Spin goes crazy with “Purple Rain” tribute album

June 11, 2009

Purple Rain
By David J. Prince 
1 hr 8 mins ago

NEW YORK (Billboard) – Spin magazine is going crazy with its July issue, celebrating the 25th anniversary of Prince’s “Purple Rain with a comprehensive oral history of the film and album and a free downloadable tribute that features nine bands doing song-for-song covers of the record’s classic tracks.

Dubbed “Purplish Rain,” the album boasts a real coup: Apollonia, the one-time Prince protegee who starred in the film, contributes a cover of “When Doves Cry” that she recorded with Greg Dulli and his band, the Twilight Singers.

Other cover versions on the album include Sharon Jones and the Dap Kings doing “Take Me With U,” Of Montreal’s take on “Computer Blue,” a punk-mariachi version of “I Would Die 4 U” and Lavender Diamond’s rendition of the title track.

The Apollonia/Dulli duet is currently streaming at Spin.com, and the full downloadable album will be available when the magazine hits the streets on June 23. The album download is free, but a clue from the magazine article will be required for access.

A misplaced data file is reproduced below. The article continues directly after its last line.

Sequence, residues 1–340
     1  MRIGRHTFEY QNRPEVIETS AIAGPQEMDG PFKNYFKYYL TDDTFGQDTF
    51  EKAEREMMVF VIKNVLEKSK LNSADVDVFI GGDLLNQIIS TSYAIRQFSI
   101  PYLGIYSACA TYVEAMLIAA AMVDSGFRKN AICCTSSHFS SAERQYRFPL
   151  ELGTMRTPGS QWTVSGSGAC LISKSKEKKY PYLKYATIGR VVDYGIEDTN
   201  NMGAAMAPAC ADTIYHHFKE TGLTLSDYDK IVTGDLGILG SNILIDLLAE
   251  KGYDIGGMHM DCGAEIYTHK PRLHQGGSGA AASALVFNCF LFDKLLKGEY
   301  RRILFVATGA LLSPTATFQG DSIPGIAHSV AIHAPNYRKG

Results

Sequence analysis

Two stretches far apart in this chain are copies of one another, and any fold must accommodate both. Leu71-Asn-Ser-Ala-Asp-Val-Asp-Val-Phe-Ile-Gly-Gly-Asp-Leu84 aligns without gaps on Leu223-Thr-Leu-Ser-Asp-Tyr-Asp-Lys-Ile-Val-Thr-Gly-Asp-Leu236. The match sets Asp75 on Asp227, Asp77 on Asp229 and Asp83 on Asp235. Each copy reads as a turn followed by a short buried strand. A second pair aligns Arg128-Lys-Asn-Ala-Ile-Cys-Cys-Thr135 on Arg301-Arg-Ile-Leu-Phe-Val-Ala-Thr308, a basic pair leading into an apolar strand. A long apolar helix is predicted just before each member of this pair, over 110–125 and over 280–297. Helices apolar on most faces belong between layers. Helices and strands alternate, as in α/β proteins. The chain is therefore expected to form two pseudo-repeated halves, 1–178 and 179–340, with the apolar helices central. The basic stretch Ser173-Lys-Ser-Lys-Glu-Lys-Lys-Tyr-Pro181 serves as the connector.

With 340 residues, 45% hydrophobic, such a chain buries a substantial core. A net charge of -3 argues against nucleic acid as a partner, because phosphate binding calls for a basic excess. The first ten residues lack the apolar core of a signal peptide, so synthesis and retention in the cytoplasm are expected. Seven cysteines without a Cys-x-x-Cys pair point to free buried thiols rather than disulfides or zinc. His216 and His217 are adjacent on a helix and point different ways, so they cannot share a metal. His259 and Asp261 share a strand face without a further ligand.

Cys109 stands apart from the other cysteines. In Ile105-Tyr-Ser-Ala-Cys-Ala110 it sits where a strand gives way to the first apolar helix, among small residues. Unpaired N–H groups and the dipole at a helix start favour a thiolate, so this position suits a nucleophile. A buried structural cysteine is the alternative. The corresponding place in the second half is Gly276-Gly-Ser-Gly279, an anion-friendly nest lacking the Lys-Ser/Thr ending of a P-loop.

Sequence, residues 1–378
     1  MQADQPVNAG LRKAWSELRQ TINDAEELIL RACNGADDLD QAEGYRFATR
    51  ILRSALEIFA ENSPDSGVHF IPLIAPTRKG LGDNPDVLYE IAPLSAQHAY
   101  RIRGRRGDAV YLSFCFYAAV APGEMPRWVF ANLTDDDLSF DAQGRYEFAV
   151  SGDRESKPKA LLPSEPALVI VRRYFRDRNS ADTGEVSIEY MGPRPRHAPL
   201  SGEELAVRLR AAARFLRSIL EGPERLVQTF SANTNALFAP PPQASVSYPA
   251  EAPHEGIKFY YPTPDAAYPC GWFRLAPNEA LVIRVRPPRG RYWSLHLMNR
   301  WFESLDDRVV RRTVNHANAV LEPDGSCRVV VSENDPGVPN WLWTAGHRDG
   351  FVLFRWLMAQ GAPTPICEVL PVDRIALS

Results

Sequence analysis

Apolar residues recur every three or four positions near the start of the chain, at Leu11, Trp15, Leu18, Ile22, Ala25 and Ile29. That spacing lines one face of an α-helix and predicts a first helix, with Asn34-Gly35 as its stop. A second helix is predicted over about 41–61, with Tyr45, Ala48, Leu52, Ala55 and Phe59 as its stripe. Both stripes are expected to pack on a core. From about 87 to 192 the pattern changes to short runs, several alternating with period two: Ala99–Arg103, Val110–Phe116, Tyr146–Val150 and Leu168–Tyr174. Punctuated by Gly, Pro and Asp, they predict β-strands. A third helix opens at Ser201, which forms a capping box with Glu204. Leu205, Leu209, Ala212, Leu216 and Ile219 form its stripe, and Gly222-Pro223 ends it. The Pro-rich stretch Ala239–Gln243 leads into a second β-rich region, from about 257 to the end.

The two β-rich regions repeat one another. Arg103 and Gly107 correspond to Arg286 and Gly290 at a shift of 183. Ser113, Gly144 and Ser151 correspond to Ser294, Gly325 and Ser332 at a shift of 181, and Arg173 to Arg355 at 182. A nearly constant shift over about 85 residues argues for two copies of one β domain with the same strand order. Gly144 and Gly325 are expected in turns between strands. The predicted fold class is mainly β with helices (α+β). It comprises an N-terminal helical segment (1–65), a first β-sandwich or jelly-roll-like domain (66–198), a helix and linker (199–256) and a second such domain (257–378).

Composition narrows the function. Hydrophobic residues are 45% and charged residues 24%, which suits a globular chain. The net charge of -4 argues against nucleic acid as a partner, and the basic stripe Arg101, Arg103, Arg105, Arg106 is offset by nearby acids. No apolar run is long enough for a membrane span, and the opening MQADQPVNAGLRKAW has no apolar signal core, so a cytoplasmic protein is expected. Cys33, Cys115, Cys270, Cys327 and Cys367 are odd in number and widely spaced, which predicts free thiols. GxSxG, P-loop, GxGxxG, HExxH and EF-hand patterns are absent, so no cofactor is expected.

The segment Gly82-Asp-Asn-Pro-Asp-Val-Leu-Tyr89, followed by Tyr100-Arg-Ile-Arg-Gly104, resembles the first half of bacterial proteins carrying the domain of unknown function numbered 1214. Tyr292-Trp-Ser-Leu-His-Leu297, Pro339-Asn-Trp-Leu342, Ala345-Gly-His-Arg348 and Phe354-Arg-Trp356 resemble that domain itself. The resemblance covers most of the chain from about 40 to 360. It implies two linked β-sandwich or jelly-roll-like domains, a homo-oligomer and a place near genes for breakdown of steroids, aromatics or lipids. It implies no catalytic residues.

“We approached a bunch of bands, and we got nine who were really into it,” Spin editor Doug Brod told Billboard.com. “All these bands did it for free — they paid for all of their recording time and they mastered all the tracks themselves.”

Unlike several other Prince cover records that have run afoul of The Artist’s wishes, SPIN cleared all of the tracks and is covering the royalty expenses.

The 10-page oral history was compiled and written by Brian Raftery, who spoke to most of the key participants in the original project, including Wendy and Lisa, other members of the Revolution and the Time, Bob Cavallo (the film’s producer and Prince’s manager at the time), director Albert Magnoli, and the original screenplay writer William Blinn. Prince and the Time’s main man Morris Day did not participate.

“We did a full court press to get Prince himself involved,” said Brod. “He’s a pretty tough guy to get a hold of, and he doesn’t dwell much on nostalgia.”

(Editing by Dean Gooodman at Reuters)



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